Iodine availability will impact the ability of TPO to iodinate tyrosine residues on thyroglobulin. Iodine availability to TPO can be impacted a number of ways. First, environmental availability of iodine can vary greatly depending on whether and how much iodine exists in surface waters for aquatic organisms (gill respirators) and in the diets of both terrestrial and aquatic organisms. Second, somewhat regardless of iodine availability through environmental uptake (i.e., barring extremely high iodine exposure), iodine is actively transported into the thyroid follicular cell from the blood via sodium-iodide symporter (NIS), which has been shown to be susceptible to inhibition by, for example, perchlorate. As such, iodine availability to TPO is mediated by functional NIS. Finally, iodine is not fully available to TPO on the apical surface of the thyroid follicular cell until it is transported through the apical membrane by pendrin, an anion exchange protein - mutations or inhibition of pendrin could affect iodine availability to TPO.
Hydrogen peroxide is also needed by TPO to mediate the oxidation of iodide, which is produced locally by dual oxidase (DUOX). A mutation or inhibition of DUOX will impact local production of H2O2 leading to lower oxidizing potential of TPO and less organification of iodide.
Known Feedforward/Feedback loops influencing this KER
Thyroid stimulating hormone (TSH) released from the pituitary positively regulates the synthesis and release of thyroid hormones from the thyroid gland. As such, when TPO is inhibited and thyroid hormone synthesis is decreased, lower systemic levels of hormone cause feedback from the pituitary via TSH to upregulate a number of processes in the thyroid gland as a means of compensation, including (but not limited to) enhanced gene expression of NIS and thyrocyte cell proliferation (Tietge et al., 2010; Haselman et al., 2020).
Domain of Applicability
Taxonomic: This KER is plausibly applicable across vertebrates. Inhibition of TPO activity is widely accepted to directly impact TH synthesis. This is true for both rats and humans, as well as some fishes, frogs and birds. Most of the data supporting a causative relationship between TPO inhibition and altered TH synthesis is derived from animal studies, in vitro thyroid microsomes from rats or pigs, and a limited number of human ex vivo (Nagasaka and Hidaka, 1976; Vickers et al., 2012) and clinical studies. There are data to support that gene mutations in TPO result in congenital hypothyroidism, underscoring the essential role of TPO in human thyroid hormone synthesis.
Life stage: Applicability to certain life stages may depend on the species and their dependence on maternally transferred thyroid hormones during the earliest phases of development. The earliest life stages of teleost fish rely on maternally transferred THs to regulate certain developmental processes until embryonic TH synthesis is active (Power et al., 2001). As a result, TPO inhibition is not expected to decrease TH synthesis during these earliest stages of development. In zebrafish, Opitz et al. (2011) showed the formation of a first thyroid follicle at 55 hours post fertilization (hpf), Chang et al. (2012) showed a first significant TH increase at 120 hpf and Walter et al. (2019) showed clear TH production already at 72 hpf but did not analyse time points between 24 and 72 hpf. In fathead minnows, a significant increase of whole body thyroid hormone levels was already observed between 1 and 2 dpf, which corresponds to the appearance of the thyroid anlage at 35 hpf prior to the first observation of thyroid follicles at 58 hpf (Wabuke-Bunoti and Firling, 1983). It is still uncertain when exactly embryonic TH synthesis is activated and how this determines sensitivity to TH disruptors.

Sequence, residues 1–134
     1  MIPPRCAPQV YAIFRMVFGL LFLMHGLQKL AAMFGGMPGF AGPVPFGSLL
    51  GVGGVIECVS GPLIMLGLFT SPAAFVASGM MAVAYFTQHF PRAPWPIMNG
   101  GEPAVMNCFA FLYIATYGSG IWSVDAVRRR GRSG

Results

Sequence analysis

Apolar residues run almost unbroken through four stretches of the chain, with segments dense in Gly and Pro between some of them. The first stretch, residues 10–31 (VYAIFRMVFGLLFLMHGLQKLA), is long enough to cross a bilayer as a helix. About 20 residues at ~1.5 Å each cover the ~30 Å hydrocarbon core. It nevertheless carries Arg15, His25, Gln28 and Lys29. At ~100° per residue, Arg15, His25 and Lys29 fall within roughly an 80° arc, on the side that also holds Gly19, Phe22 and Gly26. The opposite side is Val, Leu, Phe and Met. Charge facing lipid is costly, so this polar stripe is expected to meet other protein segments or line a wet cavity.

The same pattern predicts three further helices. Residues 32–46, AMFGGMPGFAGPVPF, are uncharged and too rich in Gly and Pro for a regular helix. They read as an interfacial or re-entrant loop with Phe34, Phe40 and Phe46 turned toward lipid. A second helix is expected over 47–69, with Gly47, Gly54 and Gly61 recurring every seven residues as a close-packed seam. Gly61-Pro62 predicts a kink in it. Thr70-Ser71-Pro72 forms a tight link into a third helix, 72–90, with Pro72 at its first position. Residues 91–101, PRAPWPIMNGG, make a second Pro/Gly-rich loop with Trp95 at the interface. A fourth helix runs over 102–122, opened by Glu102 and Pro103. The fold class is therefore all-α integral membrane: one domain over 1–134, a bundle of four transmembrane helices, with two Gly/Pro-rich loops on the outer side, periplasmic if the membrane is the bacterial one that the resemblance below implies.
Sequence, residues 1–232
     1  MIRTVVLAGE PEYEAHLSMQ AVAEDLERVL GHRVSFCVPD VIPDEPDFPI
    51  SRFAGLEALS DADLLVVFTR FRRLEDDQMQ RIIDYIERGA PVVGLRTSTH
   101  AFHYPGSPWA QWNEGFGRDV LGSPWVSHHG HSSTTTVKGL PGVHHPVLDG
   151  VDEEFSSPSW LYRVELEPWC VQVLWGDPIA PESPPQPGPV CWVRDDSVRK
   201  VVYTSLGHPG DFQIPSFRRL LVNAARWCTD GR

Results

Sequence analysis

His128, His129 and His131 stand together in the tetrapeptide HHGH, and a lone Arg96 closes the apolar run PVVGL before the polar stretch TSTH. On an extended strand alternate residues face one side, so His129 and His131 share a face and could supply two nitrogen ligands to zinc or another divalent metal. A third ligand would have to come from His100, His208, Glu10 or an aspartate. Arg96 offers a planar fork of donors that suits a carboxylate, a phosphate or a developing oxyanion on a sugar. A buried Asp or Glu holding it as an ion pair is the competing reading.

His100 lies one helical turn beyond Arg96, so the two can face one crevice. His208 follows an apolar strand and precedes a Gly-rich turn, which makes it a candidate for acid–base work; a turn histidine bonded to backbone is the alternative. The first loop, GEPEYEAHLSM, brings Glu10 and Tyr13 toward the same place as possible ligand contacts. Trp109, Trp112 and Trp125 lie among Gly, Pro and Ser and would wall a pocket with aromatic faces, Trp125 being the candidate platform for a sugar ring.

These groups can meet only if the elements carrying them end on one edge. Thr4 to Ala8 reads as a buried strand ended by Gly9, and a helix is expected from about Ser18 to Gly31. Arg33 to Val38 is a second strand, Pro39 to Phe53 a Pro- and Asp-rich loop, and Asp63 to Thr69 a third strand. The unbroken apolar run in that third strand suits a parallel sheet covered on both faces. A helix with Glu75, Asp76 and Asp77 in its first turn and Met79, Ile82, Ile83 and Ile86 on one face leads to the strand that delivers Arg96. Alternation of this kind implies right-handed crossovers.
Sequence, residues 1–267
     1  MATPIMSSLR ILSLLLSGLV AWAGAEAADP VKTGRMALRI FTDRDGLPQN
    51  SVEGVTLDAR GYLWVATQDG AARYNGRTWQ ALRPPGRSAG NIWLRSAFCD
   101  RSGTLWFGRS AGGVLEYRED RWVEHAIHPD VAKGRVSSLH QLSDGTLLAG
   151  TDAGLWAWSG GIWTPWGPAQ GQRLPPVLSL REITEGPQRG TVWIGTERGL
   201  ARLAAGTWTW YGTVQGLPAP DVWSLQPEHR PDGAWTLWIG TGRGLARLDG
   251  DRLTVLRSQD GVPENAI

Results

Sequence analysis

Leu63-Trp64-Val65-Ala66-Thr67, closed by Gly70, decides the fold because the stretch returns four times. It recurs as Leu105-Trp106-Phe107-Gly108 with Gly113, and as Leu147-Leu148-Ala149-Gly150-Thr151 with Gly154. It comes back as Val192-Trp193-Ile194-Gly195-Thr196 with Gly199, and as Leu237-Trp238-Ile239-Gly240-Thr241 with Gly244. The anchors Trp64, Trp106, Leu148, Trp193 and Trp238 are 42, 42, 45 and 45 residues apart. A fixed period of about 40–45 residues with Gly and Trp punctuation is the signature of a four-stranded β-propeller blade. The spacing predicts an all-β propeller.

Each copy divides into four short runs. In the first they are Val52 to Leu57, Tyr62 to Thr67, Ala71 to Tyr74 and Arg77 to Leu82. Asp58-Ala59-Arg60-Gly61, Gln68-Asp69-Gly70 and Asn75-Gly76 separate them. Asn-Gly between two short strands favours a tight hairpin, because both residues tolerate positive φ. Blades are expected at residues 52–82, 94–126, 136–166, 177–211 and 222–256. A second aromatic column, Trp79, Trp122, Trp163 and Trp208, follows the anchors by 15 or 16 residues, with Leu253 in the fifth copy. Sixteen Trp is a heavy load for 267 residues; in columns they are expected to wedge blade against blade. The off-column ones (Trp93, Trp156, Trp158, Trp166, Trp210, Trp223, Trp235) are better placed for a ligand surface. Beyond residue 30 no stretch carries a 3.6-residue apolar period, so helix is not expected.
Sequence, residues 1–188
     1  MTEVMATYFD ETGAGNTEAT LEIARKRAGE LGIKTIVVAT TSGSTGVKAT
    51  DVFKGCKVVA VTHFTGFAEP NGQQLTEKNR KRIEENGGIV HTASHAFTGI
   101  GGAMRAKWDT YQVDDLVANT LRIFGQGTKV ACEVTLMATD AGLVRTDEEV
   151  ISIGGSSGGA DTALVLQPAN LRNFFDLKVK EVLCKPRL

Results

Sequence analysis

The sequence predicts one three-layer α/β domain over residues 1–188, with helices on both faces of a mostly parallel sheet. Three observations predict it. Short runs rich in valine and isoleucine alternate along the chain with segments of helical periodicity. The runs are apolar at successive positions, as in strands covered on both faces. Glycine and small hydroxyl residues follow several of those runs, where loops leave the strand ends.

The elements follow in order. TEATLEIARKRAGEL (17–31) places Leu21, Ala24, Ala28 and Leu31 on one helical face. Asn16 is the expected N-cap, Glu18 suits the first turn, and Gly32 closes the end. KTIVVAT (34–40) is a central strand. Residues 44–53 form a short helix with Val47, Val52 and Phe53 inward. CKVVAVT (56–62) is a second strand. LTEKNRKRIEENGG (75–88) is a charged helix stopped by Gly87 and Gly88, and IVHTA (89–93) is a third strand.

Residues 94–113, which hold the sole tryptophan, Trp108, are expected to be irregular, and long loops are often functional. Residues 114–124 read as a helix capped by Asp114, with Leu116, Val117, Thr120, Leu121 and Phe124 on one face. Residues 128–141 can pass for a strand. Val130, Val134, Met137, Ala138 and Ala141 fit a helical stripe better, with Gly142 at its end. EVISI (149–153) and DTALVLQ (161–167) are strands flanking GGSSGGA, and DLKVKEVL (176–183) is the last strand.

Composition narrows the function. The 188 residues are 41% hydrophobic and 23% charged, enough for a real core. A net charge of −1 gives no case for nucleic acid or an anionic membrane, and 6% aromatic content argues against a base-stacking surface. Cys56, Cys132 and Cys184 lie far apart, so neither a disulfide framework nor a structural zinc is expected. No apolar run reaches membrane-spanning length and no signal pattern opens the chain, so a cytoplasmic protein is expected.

Sex: The KE is plausibly applicable to both sexes. Thyroid hormones are essential in both sexes and the components of the HPT-axis are identical in both sexes. There can however be sex-dependent differences in the sensitivity to the disruption of thyroid hormone levels and the magnitude of the response. In humans, females appear more susceptible to hypothyroidism compared to males when exposed to certain halogenated chemicals (Hernandez‐Mariano et al., 2017; Webster et al., 2014). In adult zebrafish, Liu et al. (2019) showed sex-dependent changes in thyroid hormone levels and mRNA expression of regulatory genes including corticotropin releasing hormone (crh), thyroid stimulating hormone (tsh) and deiodinase 2 after exposure to organophosphate flame retardants. The underlying mechanism of any sex-related differences remains unclear.